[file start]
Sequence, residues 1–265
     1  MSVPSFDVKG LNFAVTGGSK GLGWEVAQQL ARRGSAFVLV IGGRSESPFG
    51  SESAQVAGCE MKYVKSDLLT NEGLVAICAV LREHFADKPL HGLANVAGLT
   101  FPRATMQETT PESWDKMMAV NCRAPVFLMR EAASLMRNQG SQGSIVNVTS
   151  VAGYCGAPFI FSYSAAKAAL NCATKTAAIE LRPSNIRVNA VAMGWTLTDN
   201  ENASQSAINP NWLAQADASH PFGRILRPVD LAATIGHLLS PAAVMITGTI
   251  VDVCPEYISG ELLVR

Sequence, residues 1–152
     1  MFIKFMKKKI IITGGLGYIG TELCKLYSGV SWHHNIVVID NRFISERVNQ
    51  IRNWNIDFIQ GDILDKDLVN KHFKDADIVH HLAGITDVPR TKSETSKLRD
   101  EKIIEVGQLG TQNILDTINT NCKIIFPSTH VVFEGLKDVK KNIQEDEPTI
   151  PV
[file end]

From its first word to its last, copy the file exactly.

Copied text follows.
Sequence, residues 1–265
     1  MSVPSFDVKG LNFAVTGGSK GLGWEVAQQL ARRGSAFVLV IGGRSESPFG
    51  SESAQVAGCE MKYVKSDLLT NEGLVAICAV LREHFADKPL HGLANVAGLT
   101  FPRATMQETT PESWDKMMAV NCRAPVFLMR EAASLMRNQG SQGSIVNVTS
   151  VAGYCGAPFI FSYSAAKAAL NCATKTAAIE LRPSNIRVNA VAMGWTLTDN
   201  ENASQSAINP NWLAQADASH PFGRILRPVD LAATIGHLLS PAAVMITGTI
   251  VDVCPEYISG ELLVR

Sequence, residues 1–152
     1  MFIKFMKKKI IITGGLGYIG TELCKLYSGV SWHHNIVVID NRFISERVNQ
    51  IRNWNIDFIQ GDILDKDLVN KHFKDADIVH HLAGITDVPR TKSETSKLRD
   101  EKIIEVGQLG TQNILDTINT NCKIIFPSTH VVFEGLKDVK KNIQEDEPTI
   151  PV